From the Docs


From theologian Henri Nouwen: “Every very time we make the decision to love someone, we open ourselves to great suffering, because those we most love cause us not only great joy but also great pain. The greatest pain comes from leaving … the pain of the leaving can tear us apart … Still, if we want to avoid the suffering of leaving, we will never experience the joy of loving. And love is stronger than fear, life stronger than death, hope stronger than despair. We have to trust that the risk of loving is always worth taking.”

The above quote clearly shows that love and grief do not, and cannot, exist independently of each other. There’s no love without loss, and one cannot make sense of loss without the experience of grief. Because most people cherish their relationships and have an intense capacity for love, when love is transformed into grief, it has a significant impact that is sometimes hard to fathom. This article aims to help you better understand the grieving process, as it is something we all experience if we live long enough.

Any time we grieve, a host of reactions can be triggered. You might notice feeling physically drained, a change in your appetite or sleep, anger, sadness, feeling nothing at all, having a hard time concentrating, not wanting to do anything, and so much more. To complicate things further, there can be a cumulative effect to grief. This means that whenever we experience a personal loss, the scars from our previous loses can be reopened. Whether from one or multiple losses, intense reactions to loss often demand your attention — and though the intensity may gradually decrease, your reactions may continue to interfere with managing everyday tasks.

Though the intensity of grief diminishes over time, it’s possible for your grief reactions to be reawakened by places, events, people, sounds, smells or images that remind you of your loss. It’s possible that your world may seem like an almost constant reminder of the absence you’re facing. Should this happen, you may feel like you’ve gone back to the days when the loss that you suffered was new and completely overwhelming. Triggers hurt because they highlight the loneliness or void you feel. Despite the pain that accompanies them, however, triggers can also be viewed as reminders that we’re meant to be with others. Grief reminds us of the almost inherent necessity of human relationships and how important they are to our lives.

Because of this importance to all of us, relationships can often be the best fuel for giving you endurance to cope with grief. As such, it’s crucial to surround yourself with supportive, understanding people while going through this experience. With good friends and family, it’s more likely that you will not run from nor dwell in your pain, but rather trust that you’re able to travel through it to put the pieces of your life back together in a way that reflects your goals and values. The key to doing this successfully is to turn nothing away; welcome any and all of your grief reactions. Through this type of acceptance, we learn that our attitude toward the world can change, as well as how we approach our distress. This type of acceptance teaches us that the best way to overcome a perceived threat is not to look for ways to ward it off, but to change our relationship to it.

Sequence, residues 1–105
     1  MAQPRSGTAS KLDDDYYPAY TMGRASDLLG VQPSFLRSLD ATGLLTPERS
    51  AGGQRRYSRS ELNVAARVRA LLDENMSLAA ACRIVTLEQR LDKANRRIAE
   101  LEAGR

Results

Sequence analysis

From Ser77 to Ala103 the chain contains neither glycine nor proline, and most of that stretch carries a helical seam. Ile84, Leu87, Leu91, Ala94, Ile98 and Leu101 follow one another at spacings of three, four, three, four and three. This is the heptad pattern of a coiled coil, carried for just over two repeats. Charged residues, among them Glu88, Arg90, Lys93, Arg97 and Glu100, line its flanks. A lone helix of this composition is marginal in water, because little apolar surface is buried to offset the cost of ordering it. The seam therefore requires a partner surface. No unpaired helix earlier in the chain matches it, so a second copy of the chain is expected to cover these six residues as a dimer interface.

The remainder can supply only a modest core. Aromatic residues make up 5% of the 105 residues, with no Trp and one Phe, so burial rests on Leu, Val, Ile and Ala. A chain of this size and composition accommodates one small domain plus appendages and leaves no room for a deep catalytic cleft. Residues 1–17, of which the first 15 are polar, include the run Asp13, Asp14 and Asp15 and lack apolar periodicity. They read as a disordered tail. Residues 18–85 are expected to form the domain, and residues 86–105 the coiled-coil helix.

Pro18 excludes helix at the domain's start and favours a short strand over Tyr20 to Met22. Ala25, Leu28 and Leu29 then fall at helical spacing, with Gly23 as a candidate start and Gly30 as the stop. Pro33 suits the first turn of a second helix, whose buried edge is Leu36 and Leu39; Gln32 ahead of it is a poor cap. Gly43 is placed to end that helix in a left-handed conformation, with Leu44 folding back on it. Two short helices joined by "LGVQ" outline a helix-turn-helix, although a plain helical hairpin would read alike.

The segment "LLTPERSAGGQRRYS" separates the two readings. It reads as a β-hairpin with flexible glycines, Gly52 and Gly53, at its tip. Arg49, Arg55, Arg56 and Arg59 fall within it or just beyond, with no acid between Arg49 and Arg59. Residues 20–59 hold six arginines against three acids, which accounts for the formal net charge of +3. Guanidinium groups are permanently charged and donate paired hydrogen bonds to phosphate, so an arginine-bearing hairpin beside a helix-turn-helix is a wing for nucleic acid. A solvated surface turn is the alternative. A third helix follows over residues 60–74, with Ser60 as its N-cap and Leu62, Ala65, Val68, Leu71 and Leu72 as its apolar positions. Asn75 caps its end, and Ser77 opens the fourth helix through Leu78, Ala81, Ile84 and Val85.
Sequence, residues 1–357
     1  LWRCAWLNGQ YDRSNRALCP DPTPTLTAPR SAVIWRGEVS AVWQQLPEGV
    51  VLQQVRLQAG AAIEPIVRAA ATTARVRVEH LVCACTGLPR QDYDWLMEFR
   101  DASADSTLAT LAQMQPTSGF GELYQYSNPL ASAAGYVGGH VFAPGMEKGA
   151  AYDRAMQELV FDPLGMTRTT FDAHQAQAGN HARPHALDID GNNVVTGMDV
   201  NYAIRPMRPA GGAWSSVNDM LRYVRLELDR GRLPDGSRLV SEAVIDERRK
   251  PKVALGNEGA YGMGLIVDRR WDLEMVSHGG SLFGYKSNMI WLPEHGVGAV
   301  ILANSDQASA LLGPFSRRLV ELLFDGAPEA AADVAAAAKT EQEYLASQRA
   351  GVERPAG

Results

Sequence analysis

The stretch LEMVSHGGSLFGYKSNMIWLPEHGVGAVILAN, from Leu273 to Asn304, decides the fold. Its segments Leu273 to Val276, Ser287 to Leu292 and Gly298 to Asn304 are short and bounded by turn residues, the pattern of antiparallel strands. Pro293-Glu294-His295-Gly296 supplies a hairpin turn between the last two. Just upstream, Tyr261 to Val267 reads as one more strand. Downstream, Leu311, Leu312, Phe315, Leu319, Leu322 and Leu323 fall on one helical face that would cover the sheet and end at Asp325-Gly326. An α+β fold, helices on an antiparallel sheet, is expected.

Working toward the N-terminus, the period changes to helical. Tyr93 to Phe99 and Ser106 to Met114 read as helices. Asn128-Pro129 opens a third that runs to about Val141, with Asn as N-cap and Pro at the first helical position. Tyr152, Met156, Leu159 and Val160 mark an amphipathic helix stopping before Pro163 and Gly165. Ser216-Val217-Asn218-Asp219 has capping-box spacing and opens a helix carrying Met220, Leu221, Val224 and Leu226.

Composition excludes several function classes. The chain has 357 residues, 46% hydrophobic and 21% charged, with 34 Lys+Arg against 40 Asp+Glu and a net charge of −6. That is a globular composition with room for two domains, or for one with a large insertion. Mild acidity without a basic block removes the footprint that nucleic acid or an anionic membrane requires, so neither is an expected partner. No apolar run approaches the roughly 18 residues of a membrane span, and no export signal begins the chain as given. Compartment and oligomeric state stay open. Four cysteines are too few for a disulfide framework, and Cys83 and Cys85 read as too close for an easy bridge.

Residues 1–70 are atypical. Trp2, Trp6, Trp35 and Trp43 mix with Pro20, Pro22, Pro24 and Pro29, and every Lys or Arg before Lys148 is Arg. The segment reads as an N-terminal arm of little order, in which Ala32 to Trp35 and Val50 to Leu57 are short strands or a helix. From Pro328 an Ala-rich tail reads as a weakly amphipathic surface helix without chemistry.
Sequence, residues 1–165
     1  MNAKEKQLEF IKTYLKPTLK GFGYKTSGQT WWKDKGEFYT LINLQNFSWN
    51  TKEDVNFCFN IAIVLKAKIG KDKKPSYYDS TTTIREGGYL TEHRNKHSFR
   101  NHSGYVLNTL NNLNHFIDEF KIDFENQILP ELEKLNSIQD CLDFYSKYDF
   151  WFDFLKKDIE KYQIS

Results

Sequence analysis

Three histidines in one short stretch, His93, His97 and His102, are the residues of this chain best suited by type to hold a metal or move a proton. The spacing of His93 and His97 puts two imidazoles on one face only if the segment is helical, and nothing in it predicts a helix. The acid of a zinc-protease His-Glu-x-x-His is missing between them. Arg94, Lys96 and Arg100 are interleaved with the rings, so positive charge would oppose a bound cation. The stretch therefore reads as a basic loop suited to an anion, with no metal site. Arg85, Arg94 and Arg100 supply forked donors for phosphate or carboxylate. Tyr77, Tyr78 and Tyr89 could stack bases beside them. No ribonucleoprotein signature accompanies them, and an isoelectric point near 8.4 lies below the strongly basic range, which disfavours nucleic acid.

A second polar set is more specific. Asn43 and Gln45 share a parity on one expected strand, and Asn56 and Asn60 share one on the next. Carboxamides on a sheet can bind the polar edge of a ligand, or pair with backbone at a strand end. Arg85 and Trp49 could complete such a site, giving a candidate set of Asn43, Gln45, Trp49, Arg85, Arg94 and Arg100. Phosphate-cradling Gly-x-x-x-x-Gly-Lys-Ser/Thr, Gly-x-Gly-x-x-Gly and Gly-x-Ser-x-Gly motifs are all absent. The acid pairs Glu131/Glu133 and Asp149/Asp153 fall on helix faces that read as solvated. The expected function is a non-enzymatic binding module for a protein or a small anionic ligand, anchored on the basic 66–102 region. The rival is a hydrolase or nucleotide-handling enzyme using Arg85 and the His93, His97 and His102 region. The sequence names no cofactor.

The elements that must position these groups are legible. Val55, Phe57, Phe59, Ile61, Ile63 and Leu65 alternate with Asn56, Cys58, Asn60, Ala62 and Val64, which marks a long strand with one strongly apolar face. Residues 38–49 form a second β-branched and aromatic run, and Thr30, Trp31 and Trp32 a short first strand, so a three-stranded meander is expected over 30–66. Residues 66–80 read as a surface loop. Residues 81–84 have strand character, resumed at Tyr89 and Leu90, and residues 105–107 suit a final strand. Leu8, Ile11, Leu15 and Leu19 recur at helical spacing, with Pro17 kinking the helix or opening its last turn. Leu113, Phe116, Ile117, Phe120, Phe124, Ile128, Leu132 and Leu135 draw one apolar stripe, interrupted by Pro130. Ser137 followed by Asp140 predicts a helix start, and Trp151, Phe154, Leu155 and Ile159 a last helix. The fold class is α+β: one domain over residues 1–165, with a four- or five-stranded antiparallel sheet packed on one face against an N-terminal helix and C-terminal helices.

The simple act of sitting down, focusing on your breath, paying attention to your thoughts and emotions (both pleasant and unpleasant), and paying particular attention to your distractions sows the seeds of “radical acceptance.” Guess what? Despite having disturbing thoughts and feelings, as uncomfortable as they may be, you are still breathing. You are OK. Full awareness of your patterns of thoughts, feelings and behaviors, especially in grief, can take you from living with misery, fear and dissatisfaction to living with openness and engagement.

If you can come to understand grief as an extension of love, you’ll see there’s nothing wrong with grieving. Rather than pointing out weakness, grief serves to highlight the depth of our capacity to love and to be loved. Ultimately, grief teaches everyone the same lesson: Value the relationships, experiences and time you have in this present moment. This lesson is also the core of mindfulness. By practicing mindfulness, you can experience grief as a purposeful, meaningful journey. To honor your grief is not self-destructive or harmful, it is life-sustaining and life-giving. It ultimately leads you back to love again. In this way, love is both the cause and the cure.

Even though we may not be able to avoid triggers of grief, the radical acceptance we can learn through the practice of mindfulness can dispel some of the suffering that accompanies it. By changing your attitude toward suffering from one of confrontation or avoidance to one of acceptance, you can soften the sharp edge of the pain.

The experience of grief impacts people in so many ways. If it is impacting you, and you would like support in learning how to manage your experience differently, please contact the Psychological Services Bureau at (213) 738-3500 to schedule an appointment. Appointments and all consultations are confidential. To obtain additional information, visit our intranet site (http://intranet/intranet/ESS/Index.htm).